“Let’s go to the movies,” my dad often said to my mom. My parents would have loved our Movies and Memories series, now starting its second year. We are excited to announce our partnership with the Kansas City Boys Choir and the Kansas City Girls Choir this season. Some of their outstanding performers will be joining us at each event.
Already, the series is making a difference in a variety of ways. Additional libraries in Missouri and other states are interested in implementing the program. And our library is so committed to becoming more dementia-friendly that it is having special training for its staff, courtesy of the Alzheimer’s Association — Heart of America Chapter. Please share this invitation with those who would enjoy it. And if you’re in the Kansas City area, please join us. It’s free and open to all. Let’s go to this movie series!
Cinema can fill in the empty spaces of your life and your loneliness . Pedro Almodovar
Invite Connections Through Watching Films Together
Most of us who visit care facilities have witnessed the dreaded “people slumped over in front of the television” syndrome. Of course, you don’t want to park your beloved person in front of a screen. But watching an appropriate movie together can be a meaningful experience.
Movies can stir up positive memories and invite conversations, such as discussing a favorite actor, a memorable scene, the old movie theater just a streetcar ride from home, or a special date at the movies.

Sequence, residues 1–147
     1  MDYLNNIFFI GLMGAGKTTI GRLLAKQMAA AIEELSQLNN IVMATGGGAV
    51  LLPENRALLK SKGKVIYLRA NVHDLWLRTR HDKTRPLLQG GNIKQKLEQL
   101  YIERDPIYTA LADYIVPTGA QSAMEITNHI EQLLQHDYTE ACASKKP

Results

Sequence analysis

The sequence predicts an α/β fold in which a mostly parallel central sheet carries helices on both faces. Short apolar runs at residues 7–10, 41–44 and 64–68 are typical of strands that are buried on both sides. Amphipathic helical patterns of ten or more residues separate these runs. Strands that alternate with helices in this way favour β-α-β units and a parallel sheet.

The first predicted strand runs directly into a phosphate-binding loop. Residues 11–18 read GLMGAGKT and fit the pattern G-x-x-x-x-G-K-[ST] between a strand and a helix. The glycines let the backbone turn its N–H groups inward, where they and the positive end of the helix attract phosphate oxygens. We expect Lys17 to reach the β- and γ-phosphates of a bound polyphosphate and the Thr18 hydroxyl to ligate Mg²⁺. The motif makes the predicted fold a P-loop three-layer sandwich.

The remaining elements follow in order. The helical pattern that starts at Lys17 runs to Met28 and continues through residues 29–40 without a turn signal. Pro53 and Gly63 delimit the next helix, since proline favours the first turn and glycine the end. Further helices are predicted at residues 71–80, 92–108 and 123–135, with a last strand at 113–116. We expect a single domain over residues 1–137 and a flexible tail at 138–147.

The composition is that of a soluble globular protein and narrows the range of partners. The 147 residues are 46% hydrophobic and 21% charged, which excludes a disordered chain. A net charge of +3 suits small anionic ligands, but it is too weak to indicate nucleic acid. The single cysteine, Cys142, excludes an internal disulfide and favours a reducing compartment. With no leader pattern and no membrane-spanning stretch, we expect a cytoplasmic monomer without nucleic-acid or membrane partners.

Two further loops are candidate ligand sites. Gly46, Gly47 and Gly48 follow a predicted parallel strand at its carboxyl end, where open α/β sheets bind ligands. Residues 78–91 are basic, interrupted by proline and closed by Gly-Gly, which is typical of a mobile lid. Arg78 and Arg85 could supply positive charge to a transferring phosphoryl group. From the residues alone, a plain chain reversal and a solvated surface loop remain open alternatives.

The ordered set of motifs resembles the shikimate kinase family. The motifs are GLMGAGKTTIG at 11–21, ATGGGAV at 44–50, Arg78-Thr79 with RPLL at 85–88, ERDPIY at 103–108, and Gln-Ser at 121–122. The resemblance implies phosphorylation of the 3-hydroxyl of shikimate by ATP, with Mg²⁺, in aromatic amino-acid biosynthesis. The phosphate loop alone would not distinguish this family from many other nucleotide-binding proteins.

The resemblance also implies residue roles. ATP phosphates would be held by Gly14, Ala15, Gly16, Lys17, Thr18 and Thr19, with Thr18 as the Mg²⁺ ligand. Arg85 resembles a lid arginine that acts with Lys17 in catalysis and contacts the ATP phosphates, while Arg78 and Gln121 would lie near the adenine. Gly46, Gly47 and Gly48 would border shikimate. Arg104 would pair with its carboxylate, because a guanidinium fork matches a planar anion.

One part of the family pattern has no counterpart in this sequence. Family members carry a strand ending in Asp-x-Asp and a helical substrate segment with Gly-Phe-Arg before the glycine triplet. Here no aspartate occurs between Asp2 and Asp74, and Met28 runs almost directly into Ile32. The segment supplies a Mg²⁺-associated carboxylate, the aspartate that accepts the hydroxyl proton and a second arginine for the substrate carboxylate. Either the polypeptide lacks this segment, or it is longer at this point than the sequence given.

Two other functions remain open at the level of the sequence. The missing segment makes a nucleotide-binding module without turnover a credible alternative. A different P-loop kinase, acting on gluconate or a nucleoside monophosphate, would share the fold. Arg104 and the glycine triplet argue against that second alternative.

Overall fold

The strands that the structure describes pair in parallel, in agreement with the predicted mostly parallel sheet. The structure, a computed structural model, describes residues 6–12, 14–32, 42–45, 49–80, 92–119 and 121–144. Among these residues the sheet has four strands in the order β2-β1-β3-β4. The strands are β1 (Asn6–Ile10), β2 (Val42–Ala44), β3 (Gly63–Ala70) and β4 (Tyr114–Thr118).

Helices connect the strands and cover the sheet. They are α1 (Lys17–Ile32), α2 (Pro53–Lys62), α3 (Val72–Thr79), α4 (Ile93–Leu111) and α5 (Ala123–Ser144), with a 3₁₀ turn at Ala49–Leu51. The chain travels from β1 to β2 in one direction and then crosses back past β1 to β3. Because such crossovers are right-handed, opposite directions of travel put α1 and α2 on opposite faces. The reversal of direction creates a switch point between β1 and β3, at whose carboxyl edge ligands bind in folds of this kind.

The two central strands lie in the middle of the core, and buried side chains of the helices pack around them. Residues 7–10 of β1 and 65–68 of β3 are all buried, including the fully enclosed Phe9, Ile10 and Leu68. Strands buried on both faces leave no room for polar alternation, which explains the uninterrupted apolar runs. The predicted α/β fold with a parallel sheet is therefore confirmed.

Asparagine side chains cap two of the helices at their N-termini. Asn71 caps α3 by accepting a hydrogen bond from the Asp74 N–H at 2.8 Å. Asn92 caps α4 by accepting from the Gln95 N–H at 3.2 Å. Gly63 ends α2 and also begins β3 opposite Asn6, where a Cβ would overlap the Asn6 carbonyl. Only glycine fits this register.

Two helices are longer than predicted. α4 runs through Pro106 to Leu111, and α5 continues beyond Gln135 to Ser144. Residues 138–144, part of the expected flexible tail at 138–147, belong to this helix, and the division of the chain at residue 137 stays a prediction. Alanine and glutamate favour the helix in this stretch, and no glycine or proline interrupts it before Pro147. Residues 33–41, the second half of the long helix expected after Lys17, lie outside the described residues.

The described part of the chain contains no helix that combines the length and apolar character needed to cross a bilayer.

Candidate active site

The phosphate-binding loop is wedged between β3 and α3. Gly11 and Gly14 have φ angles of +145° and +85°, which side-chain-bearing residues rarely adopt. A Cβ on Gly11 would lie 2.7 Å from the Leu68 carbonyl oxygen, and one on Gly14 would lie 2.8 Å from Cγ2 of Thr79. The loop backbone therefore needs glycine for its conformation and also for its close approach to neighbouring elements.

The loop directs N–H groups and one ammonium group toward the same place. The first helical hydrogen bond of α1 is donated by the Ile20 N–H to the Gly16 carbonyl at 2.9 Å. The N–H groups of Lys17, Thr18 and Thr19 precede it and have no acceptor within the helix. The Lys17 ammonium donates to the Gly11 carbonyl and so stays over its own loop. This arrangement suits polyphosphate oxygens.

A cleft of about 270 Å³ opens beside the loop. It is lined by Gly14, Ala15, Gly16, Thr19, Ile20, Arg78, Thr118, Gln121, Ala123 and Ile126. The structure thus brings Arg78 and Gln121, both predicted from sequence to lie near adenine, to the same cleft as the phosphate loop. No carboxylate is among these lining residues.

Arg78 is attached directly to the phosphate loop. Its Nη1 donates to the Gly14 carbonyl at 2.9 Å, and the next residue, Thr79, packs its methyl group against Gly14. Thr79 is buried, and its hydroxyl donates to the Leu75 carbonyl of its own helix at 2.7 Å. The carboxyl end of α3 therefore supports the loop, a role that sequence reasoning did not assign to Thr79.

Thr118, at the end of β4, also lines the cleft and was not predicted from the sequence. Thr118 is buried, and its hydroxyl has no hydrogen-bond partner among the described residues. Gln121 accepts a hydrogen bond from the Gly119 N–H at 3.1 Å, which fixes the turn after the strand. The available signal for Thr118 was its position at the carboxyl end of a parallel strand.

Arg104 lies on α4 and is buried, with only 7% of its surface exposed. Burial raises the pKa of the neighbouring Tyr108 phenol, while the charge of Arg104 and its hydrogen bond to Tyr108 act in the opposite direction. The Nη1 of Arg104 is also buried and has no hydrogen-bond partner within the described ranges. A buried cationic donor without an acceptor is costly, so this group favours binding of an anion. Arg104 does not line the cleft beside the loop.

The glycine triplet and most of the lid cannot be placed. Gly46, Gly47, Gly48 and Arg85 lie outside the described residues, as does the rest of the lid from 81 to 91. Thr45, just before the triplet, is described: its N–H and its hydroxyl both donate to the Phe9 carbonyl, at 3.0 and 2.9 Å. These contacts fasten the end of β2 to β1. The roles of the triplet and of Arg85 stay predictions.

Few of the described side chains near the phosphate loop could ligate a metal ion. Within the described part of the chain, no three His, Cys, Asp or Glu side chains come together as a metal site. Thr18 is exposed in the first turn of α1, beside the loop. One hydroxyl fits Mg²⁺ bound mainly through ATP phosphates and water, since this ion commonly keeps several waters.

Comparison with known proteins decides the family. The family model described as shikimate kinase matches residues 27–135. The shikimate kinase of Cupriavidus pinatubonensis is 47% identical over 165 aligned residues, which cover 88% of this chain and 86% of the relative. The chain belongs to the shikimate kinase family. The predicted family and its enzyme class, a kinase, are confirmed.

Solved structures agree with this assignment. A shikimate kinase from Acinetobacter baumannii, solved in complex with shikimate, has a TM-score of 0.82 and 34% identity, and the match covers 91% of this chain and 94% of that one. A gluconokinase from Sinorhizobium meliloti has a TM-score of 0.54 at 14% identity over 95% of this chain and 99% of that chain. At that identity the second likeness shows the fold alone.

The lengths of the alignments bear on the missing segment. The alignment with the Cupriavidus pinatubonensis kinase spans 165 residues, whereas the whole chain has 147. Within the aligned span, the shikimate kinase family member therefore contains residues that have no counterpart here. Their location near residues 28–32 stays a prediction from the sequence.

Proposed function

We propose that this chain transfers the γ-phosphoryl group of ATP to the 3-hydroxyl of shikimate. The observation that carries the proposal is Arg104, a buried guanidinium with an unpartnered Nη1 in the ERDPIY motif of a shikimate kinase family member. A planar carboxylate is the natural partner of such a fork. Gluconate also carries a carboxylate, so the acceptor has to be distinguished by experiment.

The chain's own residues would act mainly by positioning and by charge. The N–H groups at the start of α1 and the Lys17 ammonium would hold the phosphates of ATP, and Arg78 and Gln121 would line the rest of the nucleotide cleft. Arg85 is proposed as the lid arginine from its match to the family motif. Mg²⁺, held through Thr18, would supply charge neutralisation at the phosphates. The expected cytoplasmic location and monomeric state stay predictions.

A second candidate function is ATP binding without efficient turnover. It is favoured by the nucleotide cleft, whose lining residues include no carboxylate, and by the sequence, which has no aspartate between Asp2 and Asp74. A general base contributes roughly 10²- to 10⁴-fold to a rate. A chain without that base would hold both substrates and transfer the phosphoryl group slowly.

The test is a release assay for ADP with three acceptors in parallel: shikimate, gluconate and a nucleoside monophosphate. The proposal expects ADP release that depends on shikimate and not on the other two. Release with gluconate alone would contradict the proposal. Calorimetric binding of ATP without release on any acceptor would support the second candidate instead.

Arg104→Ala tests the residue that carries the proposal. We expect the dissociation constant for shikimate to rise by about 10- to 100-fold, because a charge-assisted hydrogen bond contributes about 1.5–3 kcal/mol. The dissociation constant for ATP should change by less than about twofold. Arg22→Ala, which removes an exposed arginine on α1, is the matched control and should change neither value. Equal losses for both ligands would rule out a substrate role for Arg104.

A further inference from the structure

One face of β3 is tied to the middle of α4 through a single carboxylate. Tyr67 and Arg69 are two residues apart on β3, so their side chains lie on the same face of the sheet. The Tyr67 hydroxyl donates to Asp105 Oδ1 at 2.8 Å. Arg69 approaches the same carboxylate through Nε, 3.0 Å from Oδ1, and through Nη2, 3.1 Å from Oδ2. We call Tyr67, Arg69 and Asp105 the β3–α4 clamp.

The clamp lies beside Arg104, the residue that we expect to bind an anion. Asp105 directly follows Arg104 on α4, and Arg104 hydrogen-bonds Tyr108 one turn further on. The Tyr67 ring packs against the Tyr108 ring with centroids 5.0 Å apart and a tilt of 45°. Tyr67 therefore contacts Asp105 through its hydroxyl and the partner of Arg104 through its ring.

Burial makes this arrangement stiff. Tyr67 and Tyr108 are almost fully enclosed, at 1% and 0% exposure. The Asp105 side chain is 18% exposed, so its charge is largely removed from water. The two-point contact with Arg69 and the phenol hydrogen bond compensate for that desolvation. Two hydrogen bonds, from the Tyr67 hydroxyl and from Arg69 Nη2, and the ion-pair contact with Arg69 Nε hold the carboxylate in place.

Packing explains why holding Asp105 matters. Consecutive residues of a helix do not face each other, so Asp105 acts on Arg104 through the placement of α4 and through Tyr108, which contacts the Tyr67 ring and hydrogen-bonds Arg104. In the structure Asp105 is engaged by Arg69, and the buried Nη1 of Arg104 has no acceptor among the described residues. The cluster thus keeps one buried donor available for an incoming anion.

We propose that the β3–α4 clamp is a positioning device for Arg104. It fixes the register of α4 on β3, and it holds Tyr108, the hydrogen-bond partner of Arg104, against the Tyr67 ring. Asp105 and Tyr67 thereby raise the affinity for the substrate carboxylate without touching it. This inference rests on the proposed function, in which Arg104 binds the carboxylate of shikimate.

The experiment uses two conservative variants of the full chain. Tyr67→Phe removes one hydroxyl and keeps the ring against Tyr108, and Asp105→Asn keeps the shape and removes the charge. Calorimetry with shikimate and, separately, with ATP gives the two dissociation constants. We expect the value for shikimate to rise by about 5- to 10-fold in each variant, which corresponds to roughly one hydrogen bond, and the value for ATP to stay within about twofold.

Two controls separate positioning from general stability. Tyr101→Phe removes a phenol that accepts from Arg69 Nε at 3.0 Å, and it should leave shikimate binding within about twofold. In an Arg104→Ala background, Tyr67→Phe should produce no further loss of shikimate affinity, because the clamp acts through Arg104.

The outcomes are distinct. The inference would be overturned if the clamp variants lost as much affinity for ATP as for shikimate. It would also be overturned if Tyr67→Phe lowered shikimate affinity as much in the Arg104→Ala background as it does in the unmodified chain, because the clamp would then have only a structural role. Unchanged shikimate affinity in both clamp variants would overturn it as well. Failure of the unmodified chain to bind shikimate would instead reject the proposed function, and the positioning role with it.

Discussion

According to Alzheimer’s.net, a good movie experience can leave a person with Alzheimer’s in a better mood and more engaged with others. A film can also help bridge generations, giving grandparents, children, and grandchildren something to share.
When selecting a movie for viewing, chose a film that is:
- Fun and uplifting
- Easy to understand in terms of plot and characters
- Under two hours
- Void of violence, illness and death
- Appealing to the person who has Alzheimer’s
Choose a comfortable setting with minimal distractions so you can talk during the film, discussing any memories, ideas or questions that the film inspires.
Familiar musicals, such as The Wizard of Oz, Camelot, or Guys and Dolls, often resonate with people who have Alzheimer’s. Other favorite films might include It’s A Wonderful Life and Singin’ In the Rain.
Comfort and Console Yourself with Cinema
Movies can also recharge your spirit, during times when you need a little relaxation and entertainment but you’re too tired to leave the house. My friend Karen Rowinsky, LSCSW, (http://www.overlandparkcounseling.com/) wrote about cinematherapy in a recent blog. She’s an expert on self-care and I wanted to share her suggestions with you.
Here are Karen’s ideas:
Need a laugh, a cathartic crying session, or some excitement in your life? Instead of selecting your next movie by analyzing Rotten Tomatoes, let your choice reflect the mood you desire.
Here are some ideas that may fit the bill:
- Need to getaway from it all? Watch a film from another country.
- Haven’t laughed in a while? Pick an actor or genre that always gets you going.
- Want to release tension? Select a thriller with lots of suspense that will leave you spent.
- Feeling wrapped up in your problems? Find a biographical movie with an inspiring story.
- Desire some mental stimulation? Documentaries or films on a topic you know nothing about can help.
Most of us get stuck in a rut when it comes to movies. Services like Netflix divide their movies into genres and sub-genres. You can look for comedies but then narrow your choices down to dark comedies, slapstick, spoofs, romantic comedies, etc. Trade lists of favorite movies with friends. Better yet, start a film festival with your friends or family, using a theme, a decade, or genre to make your choices.
Self-care can be as easy as a DVD and some popcorn.
Deborah Shouse is the author of Love in the Land of Dementia: Finding Hope in the Caregiver’s Journey.